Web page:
She was not bored but perhaps not as interested as I would have liked her to be. Or maybe I had just failed to share the intensity of my experience and its urgency.
But where did this happen?
So she wanted to know more, after all.
In Rue de Turenne. I hadn’t told you my publisher had moved there.
Oh, Rue de Turenne... What did the fellow look like?
Dark-haired, getting on in age. There was something odd about his general appearance.
It will sound strange to you, but he reminds me of my brother.
How can that be? Your brother doesn’t live in Paris.
Oh no! You are right, he has lived in the South of France for many years. But that is so like him.
There was a gentle, fatalistic note in her voice. Then she went on to tell me about her brother. He had left Morocco in the early 1960s and moved to France as she had done. Then he had become a sculptor. He settled in a village in the South, as if he could never forget the shores of the Mediterranean where he grew up. A few years back, he had started looking into the past, the past that might have been his, if he had been born North of the Mediterranean. She explained how he would go to the Hotel Lutetia every time he visited her. Every time, without fail… She regarded it as compulsive behavior. She had told him so several times. But he simply would not listen to her. He had to go there, walk around the building and sit in the lobby. We all knew that the hotel had been a meeting-point where families hoped to find their loved ones, returned from the death-camps. We had all read about the jostling crowds waiting outside, desperately trying to recognize a face, a name.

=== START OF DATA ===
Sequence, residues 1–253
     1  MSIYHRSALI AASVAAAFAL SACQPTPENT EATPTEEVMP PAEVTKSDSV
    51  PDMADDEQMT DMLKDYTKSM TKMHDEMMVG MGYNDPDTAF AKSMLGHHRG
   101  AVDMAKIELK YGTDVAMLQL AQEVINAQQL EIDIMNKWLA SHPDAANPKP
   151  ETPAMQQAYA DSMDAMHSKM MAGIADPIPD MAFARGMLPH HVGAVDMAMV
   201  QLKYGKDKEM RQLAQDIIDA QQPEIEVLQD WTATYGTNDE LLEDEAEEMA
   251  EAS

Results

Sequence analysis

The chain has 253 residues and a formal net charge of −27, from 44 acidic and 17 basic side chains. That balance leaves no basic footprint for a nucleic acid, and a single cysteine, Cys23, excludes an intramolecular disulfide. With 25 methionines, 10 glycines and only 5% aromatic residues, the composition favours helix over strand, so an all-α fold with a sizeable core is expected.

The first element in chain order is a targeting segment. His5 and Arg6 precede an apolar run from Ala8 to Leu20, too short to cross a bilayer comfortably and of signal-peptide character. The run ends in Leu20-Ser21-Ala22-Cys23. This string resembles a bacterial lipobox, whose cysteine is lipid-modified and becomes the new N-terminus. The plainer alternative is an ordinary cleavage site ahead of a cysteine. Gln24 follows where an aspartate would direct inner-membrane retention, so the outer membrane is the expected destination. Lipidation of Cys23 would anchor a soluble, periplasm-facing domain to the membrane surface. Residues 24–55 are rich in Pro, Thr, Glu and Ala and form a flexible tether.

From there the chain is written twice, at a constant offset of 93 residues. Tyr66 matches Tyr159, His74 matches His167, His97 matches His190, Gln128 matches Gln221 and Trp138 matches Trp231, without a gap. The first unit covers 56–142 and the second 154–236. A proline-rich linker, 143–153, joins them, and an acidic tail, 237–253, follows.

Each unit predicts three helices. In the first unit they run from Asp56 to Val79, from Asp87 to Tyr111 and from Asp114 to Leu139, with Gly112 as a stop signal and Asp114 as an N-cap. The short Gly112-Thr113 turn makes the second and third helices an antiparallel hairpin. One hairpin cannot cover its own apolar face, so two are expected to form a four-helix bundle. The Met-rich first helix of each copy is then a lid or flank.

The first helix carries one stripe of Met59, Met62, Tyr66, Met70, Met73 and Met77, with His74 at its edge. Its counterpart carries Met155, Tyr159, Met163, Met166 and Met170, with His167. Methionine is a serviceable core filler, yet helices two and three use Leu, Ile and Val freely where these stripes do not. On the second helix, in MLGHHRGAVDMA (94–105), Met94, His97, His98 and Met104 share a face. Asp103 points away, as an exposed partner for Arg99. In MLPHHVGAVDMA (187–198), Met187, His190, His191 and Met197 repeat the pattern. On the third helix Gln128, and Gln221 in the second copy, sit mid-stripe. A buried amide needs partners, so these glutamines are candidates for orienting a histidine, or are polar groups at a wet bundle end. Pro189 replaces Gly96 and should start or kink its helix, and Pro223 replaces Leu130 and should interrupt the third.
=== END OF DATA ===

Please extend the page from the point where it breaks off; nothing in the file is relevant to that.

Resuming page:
Today the hotel only kept its appearances of red velvet and gilded luxury, except for a plaque outside, reminding visitors the place was used as a reception centre from April to August 1945. Anna’s brother claimed he saw beyond the surfaces of the world around him and what he saw haunted him. His perceptions were so acute that boundaries between past and present seemed to be erased. He had tried to express this in his work but he relentlessly went back to his search. He could not help it, nor did he want to.
I thought about the man for a long time, after Anna spoke to me. He too must have felt he was a survivor. I started searching on the Internet and soon realized Rue de Turenne had been one of the scenes of the tragedy. The black and white face of a smiling 15-year-old boy appeared on the screen. His bright eyes shone behind old-fashioned glasses. He had been living in Rue de Turenne, like many others who were rounded up like him in July 1942. His address was on the same sidewalk as my publisher’s offices, just a little further down the street. Had he come to read at the Yiddish and French library after school? He would have pushed the same old door I had opened and closed that very morning to cross the same dark entrance hall.